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Iran Women Say No to Polygamy

An Iranian coalition helps stop legislation that would have made polygamy easier to practice.
 
 
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The Iranian "Family Protection Bill," which is anything but protective of families, has brought together one of the largest coalitions to oppose a bill since the establishment of the Islamic Republic of Iran.

If passed, the bill would have made it easier for men to have multiple wives. But the coalition's efforts were successful, and the Iranian parliament (known in Iran as the Majlis) has removed the two most contested articles of this bill, Articles 23 and 25, postponing the bill's floor discussion indefinitely. In addition, Iran's parliament will send the bill back to the Parliamentary Judicial Committee for further revisions.

This rare and temporary victory has energized young women activists in Iran.

Shirin Ebadi, Nobel Peace Prize Laureate, has called the Family Protection Bill a sign of the Iranian government's regression to many centuries ago. In an interview with the editor of the website Change4Equality, Ebadi said she and her colleagues would stage a sit-in at the Parliament (Majlis) Building should the bill be discussed on the Majlis floor.

On Sunday August 31 approx 100 women leaders and activists from various women's groups such as the One Million Signatures Campaign, Meydaan Zanan, Kanoon Zanan Irani, along with Shirin Ebadi and Simin Behbahani, Iran's "brave and popular" Iranian woman poet, met with members of parliament and expressed their opposition to the bill.

Simin Behbahani, in an interview with Iranian web publication, The Feminist School, summed up the meeting, "Today, we had a duty, and our duty was to voice the concerns of the women in our country to the representatives. Our visit to the parliament and our objection was because we don't want future generations to wonder why we did not protest such a bill. So, visiting the parliament and meeting with the MPs was important and necessary."

Although articles 23 and 25 of Iran's Family Protection Bill were not the only two articles which brought the large and diverse coalition together, articles 16, 17 and 18 also elicited protest by womn activists.

One of these articles, that is a major concern for many Iranians, impacts Iranian women who marry foreign nationals. According to existing family law, citizenship cannot be passed to children from their mothers. Many Iranian women who have married Afghan and Iraqi men cannot get birth certificates for their children; hence these children cannot go to school. It is estimated that there are 100,000 children today in Iran without birth certificates who are denied their basic human right to education.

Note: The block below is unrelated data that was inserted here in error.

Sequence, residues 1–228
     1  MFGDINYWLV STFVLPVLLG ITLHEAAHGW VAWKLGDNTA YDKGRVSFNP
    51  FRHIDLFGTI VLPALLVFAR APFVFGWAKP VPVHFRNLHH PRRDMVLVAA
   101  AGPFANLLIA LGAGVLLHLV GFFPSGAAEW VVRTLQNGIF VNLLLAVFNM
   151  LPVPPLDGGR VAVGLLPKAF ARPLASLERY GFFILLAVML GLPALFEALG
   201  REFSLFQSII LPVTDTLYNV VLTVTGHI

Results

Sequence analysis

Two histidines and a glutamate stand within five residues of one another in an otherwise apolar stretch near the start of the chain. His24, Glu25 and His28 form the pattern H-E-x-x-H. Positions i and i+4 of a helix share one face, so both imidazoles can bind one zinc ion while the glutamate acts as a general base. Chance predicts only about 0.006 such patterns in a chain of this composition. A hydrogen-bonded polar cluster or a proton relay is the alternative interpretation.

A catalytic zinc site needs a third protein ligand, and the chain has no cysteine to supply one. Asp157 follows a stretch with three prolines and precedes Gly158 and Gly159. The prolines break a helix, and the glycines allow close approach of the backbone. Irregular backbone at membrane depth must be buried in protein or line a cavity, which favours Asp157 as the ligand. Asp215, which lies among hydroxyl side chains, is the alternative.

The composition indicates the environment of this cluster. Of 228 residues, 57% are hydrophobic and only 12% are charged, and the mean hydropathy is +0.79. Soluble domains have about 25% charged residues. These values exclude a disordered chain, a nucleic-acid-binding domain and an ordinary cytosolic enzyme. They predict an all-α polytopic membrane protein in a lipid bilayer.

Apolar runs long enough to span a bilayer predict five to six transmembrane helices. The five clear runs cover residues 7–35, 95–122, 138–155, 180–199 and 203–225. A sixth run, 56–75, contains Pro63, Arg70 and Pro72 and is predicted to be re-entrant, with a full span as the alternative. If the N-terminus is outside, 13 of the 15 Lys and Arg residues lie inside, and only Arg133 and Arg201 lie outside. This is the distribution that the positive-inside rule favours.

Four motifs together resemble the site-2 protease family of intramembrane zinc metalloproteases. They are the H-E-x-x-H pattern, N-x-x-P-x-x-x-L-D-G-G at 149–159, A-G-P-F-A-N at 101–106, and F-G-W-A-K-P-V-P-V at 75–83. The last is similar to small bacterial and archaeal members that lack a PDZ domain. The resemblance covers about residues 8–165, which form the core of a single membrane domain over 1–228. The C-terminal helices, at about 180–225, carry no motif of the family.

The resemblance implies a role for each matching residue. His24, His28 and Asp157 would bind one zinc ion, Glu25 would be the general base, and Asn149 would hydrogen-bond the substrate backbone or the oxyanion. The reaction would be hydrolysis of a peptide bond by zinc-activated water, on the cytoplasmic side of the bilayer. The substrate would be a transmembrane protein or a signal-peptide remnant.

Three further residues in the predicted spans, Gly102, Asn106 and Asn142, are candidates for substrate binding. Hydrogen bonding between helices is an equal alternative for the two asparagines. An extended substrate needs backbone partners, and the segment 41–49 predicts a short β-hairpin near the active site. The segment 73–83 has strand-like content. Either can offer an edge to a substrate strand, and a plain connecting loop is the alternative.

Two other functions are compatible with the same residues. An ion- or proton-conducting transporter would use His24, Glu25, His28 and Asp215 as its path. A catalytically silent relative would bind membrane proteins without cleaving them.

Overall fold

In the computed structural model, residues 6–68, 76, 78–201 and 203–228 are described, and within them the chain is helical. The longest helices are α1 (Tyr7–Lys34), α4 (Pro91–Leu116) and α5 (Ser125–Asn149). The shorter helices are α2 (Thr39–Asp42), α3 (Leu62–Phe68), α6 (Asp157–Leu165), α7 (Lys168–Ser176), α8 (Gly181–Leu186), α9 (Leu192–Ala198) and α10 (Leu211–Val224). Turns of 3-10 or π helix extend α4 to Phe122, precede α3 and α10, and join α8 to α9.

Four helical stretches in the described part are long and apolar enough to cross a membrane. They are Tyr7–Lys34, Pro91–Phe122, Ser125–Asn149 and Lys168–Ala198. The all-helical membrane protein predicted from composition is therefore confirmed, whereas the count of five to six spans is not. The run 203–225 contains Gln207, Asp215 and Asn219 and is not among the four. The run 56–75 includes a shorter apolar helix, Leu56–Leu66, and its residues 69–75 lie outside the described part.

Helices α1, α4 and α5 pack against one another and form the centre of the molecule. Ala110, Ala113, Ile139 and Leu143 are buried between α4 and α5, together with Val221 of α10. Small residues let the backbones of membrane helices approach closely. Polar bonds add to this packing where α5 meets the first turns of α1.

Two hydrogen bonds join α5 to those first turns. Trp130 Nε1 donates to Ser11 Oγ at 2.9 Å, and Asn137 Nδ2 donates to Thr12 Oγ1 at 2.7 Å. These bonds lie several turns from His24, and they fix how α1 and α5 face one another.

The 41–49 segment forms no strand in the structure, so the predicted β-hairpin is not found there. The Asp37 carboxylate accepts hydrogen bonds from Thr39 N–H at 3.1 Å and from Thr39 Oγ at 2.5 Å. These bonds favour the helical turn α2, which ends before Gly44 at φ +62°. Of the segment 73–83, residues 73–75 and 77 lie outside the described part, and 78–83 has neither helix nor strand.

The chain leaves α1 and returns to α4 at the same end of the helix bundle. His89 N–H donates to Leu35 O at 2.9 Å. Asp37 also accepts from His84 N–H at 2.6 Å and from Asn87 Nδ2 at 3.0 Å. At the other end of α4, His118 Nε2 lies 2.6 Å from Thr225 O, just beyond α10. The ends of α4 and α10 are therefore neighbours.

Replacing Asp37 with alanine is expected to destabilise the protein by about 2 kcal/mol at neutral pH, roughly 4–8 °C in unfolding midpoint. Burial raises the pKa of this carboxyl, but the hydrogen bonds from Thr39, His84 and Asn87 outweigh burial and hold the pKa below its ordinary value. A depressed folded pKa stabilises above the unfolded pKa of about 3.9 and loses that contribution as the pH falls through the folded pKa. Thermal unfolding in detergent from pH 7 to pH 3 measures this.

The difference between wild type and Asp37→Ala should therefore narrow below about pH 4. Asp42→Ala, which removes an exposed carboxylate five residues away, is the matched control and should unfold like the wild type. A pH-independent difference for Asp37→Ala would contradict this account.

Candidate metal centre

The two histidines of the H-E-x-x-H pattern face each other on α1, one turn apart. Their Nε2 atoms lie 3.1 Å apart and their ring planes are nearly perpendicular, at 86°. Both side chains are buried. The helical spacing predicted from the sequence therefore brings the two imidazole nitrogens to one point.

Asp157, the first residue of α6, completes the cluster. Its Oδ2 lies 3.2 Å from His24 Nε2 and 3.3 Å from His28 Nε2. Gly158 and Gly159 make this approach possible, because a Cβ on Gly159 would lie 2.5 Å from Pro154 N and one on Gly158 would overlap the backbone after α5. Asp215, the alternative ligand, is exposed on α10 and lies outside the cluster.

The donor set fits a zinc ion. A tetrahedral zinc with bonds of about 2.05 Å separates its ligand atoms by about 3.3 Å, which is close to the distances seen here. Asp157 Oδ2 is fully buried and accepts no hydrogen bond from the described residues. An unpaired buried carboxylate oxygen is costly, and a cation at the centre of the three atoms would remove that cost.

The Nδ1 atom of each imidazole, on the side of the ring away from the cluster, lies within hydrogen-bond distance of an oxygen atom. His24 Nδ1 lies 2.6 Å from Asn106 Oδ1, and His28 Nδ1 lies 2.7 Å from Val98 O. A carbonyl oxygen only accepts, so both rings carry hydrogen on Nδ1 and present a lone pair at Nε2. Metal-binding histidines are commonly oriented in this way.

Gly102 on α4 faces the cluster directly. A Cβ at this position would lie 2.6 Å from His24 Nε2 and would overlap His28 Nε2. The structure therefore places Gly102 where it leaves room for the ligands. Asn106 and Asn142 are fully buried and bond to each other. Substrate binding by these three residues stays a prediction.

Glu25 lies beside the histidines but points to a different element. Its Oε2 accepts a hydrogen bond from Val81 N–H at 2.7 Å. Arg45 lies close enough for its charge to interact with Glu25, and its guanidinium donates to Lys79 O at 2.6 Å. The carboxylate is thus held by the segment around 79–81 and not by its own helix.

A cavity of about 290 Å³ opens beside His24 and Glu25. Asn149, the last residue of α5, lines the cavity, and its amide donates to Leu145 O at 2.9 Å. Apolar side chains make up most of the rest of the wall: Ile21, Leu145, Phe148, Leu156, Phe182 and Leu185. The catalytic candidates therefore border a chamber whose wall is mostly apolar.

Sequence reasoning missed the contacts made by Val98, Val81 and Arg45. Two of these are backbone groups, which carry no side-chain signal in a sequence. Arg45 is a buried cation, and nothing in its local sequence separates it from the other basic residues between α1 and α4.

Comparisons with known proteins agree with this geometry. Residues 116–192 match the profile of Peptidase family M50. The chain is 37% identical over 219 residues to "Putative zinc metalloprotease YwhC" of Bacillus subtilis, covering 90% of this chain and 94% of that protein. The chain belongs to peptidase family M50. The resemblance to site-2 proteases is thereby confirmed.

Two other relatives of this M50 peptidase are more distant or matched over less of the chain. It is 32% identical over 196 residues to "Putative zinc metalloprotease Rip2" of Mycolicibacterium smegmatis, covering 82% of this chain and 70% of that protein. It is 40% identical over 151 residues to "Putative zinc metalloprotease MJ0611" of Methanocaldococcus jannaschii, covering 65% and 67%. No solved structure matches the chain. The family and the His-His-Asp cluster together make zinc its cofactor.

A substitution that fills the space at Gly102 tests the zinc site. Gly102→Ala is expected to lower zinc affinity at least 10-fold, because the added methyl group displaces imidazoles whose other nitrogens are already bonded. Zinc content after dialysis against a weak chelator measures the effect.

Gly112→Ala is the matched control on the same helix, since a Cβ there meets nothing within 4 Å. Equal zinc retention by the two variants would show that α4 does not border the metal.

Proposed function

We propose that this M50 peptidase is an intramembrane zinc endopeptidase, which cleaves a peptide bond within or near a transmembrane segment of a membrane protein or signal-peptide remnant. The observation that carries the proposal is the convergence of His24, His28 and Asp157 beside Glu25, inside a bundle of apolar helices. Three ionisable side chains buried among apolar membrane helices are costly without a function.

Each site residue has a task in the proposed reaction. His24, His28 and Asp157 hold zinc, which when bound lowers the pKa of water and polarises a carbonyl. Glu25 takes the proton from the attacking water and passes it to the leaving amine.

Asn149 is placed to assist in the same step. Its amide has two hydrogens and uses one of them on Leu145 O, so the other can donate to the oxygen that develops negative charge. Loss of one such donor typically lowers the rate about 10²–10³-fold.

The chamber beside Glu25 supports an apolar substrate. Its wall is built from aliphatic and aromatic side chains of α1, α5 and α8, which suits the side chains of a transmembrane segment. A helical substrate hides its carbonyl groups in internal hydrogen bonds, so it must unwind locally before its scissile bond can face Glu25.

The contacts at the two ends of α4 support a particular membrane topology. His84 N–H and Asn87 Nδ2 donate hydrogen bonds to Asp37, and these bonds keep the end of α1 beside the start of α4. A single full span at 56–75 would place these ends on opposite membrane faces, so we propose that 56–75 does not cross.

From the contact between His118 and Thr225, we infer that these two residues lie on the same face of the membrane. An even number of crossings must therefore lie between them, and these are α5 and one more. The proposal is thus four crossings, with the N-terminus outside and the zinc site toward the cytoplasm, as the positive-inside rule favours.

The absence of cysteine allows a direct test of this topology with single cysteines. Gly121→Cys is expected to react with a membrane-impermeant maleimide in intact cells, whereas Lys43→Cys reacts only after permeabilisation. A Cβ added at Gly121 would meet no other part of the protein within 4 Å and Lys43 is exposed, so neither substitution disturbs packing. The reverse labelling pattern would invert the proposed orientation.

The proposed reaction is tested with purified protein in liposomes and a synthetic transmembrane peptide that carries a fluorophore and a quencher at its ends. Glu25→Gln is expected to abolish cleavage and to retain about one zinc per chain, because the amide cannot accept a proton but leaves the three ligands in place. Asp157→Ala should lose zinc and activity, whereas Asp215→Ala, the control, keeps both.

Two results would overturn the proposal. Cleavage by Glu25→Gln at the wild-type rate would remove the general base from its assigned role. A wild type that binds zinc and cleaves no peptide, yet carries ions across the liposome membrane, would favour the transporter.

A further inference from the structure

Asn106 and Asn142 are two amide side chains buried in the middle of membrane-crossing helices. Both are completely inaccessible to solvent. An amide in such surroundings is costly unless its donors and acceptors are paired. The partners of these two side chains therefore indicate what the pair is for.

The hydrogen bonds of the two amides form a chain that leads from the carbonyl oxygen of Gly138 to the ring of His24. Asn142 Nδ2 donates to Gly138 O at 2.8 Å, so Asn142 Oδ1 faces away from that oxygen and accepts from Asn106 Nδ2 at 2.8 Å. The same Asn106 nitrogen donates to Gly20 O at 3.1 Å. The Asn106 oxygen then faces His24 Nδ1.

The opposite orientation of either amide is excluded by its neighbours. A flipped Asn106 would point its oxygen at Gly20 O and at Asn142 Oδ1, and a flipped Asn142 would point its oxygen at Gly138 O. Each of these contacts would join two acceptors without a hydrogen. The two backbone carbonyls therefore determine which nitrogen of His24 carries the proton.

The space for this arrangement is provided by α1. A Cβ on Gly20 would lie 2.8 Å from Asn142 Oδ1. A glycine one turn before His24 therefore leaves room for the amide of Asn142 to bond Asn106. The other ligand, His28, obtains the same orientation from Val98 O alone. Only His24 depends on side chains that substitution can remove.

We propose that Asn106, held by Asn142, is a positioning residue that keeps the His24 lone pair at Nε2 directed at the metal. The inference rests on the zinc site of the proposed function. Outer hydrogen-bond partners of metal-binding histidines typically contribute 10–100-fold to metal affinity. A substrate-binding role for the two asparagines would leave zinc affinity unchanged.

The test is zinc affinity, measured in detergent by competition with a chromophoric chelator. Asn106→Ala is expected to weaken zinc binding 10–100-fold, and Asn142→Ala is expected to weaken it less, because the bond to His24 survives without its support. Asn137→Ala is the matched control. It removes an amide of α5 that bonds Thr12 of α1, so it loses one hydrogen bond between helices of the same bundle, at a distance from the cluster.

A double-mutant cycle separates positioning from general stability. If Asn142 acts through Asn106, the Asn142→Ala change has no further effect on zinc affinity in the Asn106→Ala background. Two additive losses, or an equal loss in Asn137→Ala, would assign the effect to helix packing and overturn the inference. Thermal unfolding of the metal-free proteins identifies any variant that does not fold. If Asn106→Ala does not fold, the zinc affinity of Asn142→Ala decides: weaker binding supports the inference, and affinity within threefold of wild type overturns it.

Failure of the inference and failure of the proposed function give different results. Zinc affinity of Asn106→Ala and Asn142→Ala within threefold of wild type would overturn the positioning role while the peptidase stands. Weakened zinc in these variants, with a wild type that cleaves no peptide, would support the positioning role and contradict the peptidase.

The Family Protection Bill imposing even stricter penalties upon women who marry foreigners, stipulates a harsh sentence, up to 9 months in detention, for women who marry foreign nationals prior to getting government permission.

Family and reproductive laws are very important global issues for gender equality activists. Women in Iran, as well as other women living under Moslem laws, are particularly focused on family law, as these laws define and redefine the position of women in society.

Religious fundamentalists/extremists of all religions often focus on gender as they construct and maintain gender differences as the core policies of their political identities.

Whether it is the Family Protection Bill in Iran, or debates related to reproductive rights in the US, religious extremists actions have resulted in taking away what women human rights activists have gained. Fundamentalist Iranian women in favor of easing polygamy laws in Iran, and US presidential candidate Sarah Palin, on the US Republican ticket for the 2008 presidential election, have a lot in common. Both parties rely on the most regressive religious interpretations of women's issues within their faith.

In a country where there is a significant gap between the demands for rights and the regressive laws imposed upon women related to polygamy and other discriminatory legislation, denial of rights will not go unchallenged. More than 60 percent of higher education students are female, yet their testimony in court counts for only half of a man's testimony. Human rights defenders and women activists in Iran demand equality and dignity -- nothing more and nothing less.

Where more than 500,000 Iranian bloggers, many of them women, are active in cyberspace recording narratives of their lives, while at the same time needing their husbands' permission for obtaining passports, they face institutionalized discrimination that makes them second class citizens in divorce, inheritance, child custody and other aspects of life.

Iranian women activists and their male allies are well aware of the fact that they need to keep their guard up and keep moving forward until all discriminatory laws against women in Iran are eliminated.

This post first appeared on Women News Network.

 
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